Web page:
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August 11th 1914 - Letter from Julius Sladden to his wife, Eugénie Sladden

11th August 1914
Correspondence From
Julius Sladden, Muritai, 17 Millfield, Folkestone
Correspondence To
Eugénie Sladden, Craig-y-Mor, Newport
Relationship to Letter Addressee
Text of Letter

17 Millfield

11th August 1914

Dearest wife

I was glad to have your letter on my return from London today. I got a good train at 11.05 and reached here soon after 1 pm. Cyril had started, so I have forwarded Juliet’s letter to him to the flat where he sleeps tonight, going down to Oxford tomorrow. I find Mr Collier does not want me to cut my holiday short so I propose to travel via Reading to Badsey on Monday next and I think you and Ethel might well return that same day. I saw in the paper that the coast trains to Fishguard were running again. Anyway, I hope you will not be in for too tiring a journey. I hope the others or at least some of them will stay on with Jack. I feel sure some sea air will do him good and it is desirable that everyone should get braced up as far as practicable. The war news is scanty today but great events cannot be far distant. Tomorrow I go to Deal for the day and propose to go also to Ash, probably on Friday. I found Arthur looking pretty well and imbued with the national spirit which everywhere augurs well for this country. Charlotte had a letter from Anna today. It seems that Polly is going on nicely. I must go over to Hythe again this week. It is possible Fred might then be back. I will ask presently for the address and append it to this letter. Arthur had seen nothing further of George so we presume he had moved out of London. I owe letters to both Kathleen and May but for the present perhaps they will be content with the joint letter I wrote to the girls and you can tell them of my doings. I expect you will hear from the flat that Mela is going to join Mary for a few days and then the latter is to go to Port Talbot. I think she fancies Newport would be too reminiscent of happier days there. She seems pretty well but once can see there is a good deal underneath her outward calm; it is a great strain for the poor girl, no doubt, but how many are in the same position. I shall leave you to advise Brailsford as to our return and you will of course instruct the maids what to do.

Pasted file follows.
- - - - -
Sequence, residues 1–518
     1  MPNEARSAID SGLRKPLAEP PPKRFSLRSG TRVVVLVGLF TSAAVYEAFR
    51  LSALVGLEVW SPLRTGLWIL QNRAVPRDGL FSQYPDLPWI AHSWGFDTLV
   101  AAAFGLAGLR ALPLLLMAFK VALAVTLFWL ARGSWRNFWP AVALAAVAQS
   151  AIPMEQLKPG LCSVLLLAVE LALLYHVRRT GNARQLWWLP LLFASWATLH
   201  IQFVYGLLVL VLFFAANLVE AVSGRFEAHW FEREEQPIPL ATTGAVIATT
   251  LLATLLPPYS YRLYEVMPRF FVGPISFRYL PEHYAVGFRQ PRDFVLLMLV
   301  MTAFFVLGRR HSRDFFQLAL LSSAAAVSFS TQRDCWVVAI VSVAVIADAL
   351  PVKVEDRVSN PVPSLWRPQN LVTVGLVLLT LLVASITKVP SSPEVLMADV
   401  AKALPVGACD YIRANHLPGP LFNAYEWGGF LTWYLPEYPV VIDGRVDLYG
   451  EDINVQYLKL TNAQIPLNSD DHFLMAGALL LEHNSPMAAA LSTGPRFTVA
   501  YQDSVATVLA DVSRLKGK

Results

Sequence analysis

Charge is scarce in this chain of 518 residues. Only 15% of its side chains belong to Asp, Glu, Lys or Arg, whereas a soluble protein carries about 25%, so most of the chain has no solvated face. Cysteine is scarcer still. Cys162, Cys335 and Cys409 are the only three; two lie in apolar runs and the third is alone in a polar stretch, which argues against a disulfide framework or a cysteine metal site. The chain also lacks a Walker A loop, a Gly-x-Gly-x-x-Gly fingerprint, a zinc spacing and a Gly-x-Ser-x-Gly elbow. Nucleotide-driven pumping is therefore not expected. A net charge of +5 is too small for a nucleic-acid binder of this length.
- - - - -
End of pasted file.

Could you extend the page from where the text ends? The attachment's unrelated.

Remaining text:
My best love to all, and especially to my brave little wife.

Your loving husband
Julius Sladden

PS – Charlotte sends her love, she is quite well but of course very excited about the war.
Florence, Ethelwyn and the baby are at Gainsboro’ House, West Parade, Hythe.

Letter Images
Type of Correspondence
Envelope containing 4 sheets of notepaper
Location of Document
Worcestershire Archive and Archaeology Service
Record Office Reference